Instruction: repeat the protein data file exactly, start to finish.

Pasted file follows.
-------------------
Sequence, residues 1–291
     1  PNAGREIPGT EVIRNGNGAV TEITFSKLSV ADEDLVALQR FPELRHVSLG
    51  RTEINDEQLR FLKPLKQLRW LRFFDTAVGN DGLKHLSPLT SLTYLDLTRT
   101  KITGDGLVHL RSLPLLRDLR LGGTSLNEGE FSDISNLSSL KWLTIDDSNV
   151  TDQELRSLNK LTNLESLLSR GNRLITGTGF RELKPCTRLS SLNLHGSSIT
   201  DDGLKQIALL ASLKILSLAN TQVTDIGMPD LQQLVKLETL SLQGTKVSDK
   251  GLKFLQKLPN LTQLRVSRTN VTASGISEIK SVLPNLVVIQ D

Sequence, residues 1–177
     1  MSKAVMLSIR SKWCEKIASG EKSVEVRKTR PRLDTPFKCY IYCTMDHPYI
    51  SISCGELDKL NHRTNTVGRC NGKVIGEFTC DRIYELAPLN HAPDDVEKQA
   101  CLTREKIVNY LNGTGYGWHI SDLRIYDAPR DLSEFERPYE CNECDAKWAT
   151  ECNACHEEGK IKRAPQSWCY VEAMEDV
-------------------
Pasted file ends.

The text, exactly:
Sequence, residues 1–291
     1  PNAGREIPGT EVIRNGNGAV TEITFSKLSV ADEDLVALQR FPELRHVSLG
    51  RTEINDEQLR FLKPLKQLRW LRFFDTAVGN DGLKHLSPLT SLTYLDLTRT
   101  KITGDGLVHL RSLPLLRDLR LGGTSLNEGE FSDISNLSSL KWLTIDDSNV
   151  TDQELRSLNK LTNLESLLSR GNRLITGTGF RELKPCTRLS SLNLHGSSIT
   201  DDGLKQIALL ASLKILSLAN TQVTDIGMPD LQQLVKLETL SLQGTKVSDK
   251  GLKFLQKLPN LTQLRVSRTN VTASGISEIK SVLPNLVVIQ D

Sequence, residues 1–177
     1  MSKAVMLSIR SKWCEKIASG EKSVEVRKTR PRLDTPFKCY IYCTMDHPYI
    51  SISCGELDKL NHRTNTVGRC NGKVIGEFTC DRIYELAPLN HAPDDVEKQA
   101  CLTREKIVNY LNGTGYGWHI SDLRIYDAPR DLSEFERPYE CNECDAKWAT
   151  ECNACHEEGK IKRAPQSWCY VEAMEDV